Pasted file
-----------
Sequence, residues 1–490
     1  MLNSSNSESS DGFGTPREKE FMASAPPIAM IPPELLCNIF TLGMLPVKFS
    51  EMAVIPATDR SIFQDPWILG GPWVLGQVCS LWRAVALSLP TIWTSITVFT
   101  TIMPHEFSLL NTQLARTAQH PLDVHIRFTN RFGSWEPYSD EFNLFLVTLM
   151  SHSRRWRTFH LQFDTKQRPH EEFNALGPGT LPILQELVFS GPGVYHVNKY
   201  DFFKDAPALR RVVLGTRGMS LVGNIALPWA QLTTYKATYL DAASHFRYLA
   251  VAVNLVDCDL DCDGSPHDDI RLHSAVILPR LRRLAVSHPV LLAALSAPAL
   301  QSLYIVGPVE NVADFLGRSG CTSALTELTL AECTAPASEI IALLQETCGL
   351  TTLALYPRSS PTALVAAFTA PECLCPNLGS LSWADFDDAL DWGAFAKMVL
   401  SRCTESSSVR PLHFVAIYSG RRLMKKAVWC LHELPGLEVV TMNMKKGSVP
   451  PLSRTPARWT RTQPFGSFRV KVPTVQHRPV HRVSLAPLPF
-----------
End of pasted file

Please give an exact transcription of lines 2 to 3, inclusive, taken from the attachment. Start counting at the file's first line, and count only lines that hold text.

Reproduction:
     1  MLNSSNSESS DGFGTPREKE FMASAPPIAM IPPELLCNIF TLGMLPVKFS
    51  EMAVIPATDR SIFQDPWILG GPWVLGQVCS LWRAVALSLP TIWTSITVFT